The equity partnerships allowed the RTC to participate in any gains from the portfolios. Prior to introducing the equity partnership program, the RTC had engaged in outright individual and bulk sales of its asset portfolios. The pricing on certain types of assets often proved to be disappointing because the purchasers discounted heavily for unknowns regarding the assets, and to reflect uncertainty at the time regarding the real estate market. By retaining an interest in asset portfolios, the RTC was able to participate in the extremely strong returns being realized by portfolio investors. Additionally, the equity partnerships enabled the RTC to benefit by the management and liquidation efforts of their private sector partners, and the structure helped assure an alignment of incentives superior to that which typically exists in a principal/contractor relationship.

The following is a summary description of RTC Equity Partnership Programs:

Multiple Investor Fund[edit]

Under the Multiple Investor Funds (MIF) program, the RTC established limited partnerships (each known as a Multiple Investor Fund) and selected private sector entities to be the general partner of each MIF.

The RTC conveyed to the MIF a portfolio of assets (principally commercial non- and sub-performing mortgage loans) which were described generically, but which had not been identified at the time the MIF general partners were selected. The assets were delivered in separate pools over time, and there were separate closings for each pool.

The selected general partner paid the RTC for its partnership interest in the assets. The price was determined by the Derived Investment Value (DIV) of the assets (an estimate of the liquidation value of assets based on a valuation formula developed by the RTC), multiplied by a percentage of DIV based on the bid of the selected general partner. The general partner paid its equity share relating to each pool at the closing on the pool. The RTC retained a limited partnership interest in the MIF.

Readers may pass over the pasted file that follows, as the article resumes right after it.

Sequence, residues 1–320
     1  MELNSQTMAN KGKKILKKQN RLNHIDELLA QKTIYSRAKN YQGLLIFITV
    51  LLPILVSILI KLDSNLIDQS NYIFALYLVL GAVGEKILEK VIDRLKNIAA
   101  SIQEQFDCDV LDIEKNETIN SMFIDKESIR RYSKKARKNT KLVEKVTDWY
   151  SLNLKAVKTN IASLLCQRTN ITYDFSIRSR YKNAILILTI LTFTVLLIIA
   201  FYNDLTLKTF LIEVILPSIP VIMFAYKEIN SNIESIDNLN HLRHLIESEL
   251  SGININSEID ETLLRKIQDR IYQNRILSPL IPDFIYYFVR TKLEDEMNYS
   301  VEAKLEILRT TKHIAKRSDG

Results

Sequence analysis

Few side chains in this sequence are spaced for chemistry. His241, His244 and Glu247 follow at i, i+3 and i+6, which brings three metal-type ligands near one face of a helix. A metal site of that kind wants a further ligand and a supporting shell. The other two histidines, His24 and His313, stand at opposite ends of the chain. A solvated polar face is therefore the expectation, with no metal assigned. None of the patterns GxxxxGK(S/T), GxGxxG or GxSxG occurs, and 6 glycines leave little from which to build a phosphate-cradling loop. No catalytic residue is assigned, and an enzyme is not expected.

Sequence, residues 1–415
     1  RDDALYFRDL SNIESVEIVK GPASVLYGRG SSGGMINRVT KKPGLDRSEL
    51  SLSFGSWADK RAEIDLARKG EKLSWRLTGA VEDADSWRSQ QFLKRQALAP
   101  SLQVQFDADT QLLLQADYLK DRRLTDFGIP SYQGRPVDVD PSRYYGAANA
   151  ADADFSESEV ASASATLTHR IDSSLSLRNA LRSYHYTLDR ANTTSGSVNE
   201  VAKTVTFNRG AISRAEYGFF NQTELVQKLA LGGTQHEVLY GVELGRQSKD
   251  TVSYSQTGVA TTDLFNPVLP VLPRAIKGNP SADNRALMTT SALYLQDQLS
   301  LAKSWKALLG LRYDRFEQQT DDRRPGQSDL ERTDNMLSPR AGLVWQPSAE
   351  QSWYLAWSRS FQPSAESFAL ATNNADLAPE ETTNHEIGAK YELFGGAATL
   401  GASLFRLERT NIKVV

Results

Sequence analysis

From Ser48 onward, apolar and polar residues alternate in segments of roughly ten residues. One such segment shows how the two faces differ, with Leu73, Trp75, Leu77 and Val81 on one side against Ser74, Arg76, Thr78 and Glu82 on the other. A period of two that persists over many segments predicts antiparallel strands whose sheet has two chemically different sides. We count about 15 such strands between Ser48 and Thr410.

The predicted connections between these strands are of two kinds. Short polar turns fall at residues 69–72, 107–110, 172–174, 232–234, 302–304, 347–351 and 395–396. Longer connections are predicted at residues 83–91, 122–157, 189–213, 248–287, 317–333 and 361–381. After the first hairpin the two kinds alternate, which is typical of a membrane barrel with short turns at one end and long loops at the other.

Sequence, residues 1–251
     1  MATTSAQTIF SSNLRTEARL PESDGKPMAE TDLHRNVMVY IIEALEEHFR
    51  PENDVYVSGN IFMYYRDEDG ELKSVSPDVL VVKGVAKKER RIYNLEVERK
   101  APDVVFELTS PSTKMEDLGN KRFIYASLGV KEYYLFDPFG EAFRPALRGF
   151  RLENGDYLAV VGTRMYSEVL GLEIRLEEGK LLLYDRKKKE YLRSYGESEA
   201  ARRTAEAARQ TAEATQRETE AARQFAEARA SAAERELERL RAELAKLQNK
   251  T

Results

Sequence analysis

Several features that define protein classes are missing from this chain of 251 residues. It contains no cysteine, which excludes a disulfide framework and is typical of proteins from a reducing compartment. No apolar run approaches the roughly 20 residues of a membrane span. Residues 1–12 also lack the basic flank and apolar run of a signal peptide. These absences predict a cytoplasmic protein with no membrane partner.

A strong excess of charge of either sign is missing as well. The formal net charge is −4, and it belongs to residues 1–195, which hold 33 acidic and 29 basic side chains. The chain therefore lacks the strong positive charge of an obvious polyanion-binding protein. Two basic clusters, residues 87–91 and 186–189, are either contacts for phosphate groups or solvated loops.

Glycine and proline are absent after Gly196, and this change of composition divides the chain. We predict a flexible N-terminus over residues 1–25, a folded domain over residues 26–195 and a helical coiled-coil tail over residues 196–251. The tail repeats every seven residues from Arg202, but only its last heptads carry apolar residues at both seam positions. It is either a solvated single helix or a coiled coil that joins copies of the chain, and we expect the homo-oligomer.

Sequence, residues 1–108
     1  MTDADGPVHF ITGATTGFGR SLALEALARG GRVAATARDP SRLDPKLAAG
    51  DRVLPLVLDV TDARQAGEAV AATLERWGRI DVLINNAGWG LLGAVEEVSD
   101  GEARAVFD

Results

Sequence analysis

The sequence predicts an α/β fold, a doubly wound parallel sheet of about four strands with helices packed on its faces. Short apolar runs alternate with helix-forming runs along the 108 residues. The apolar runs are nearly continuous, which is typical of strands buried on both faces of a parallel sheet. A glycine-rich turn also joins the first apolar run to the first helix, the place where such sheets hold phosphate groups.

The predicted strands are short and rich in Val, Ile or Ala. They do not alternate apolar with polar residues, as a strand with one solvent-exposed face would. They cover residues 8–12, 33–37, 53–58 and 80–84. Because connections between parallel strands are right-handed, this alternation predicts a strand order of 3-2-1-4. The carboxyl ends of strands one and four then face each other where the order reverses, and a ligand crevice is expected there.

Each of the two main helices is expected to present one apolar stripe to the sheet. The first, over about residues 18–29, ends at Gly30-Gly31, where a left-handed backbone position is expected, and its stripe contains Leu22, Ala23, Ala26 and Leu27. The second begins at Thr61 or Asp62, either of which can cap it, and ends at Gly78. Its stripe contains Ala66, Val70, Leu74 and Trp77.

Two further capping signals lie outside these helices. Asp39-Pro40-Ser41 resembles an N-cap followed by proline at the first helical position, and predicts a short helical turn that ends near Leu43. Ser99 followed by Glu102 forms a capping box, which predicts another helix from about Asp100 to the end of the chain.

The MIF asset portfolio was leveraged by RTC-provided seller financing. The RTC offered up to 75% seller financing, and one element of the bid was the amount of seller financing required by the bidder. Because of the leverage, the amount required to be paid by the MIF general partner on account of its interest was less than it would have been if the MIF had been an all-equity transaction.

The MIF general partner, on behalf of the MIF, engaged an asset manager (one or more entities of the MIF general partner team) to manage and liquidate the asset pool. The asset manager was paid a servicing fee out of MIF funds, and used MIF funds to improve, manage and market the assets. The asset manager was responsible for day-to-day management of the MIF, but the general partner controlled major budgetary and liquidation decisions. The RTC had no management role.

After repayment of the RTC seller financing debt, net cash flow was divided between the RTC (as limited partner) and general partner in accordance with their respective percentage interests (the general partner had at least a 50% interest).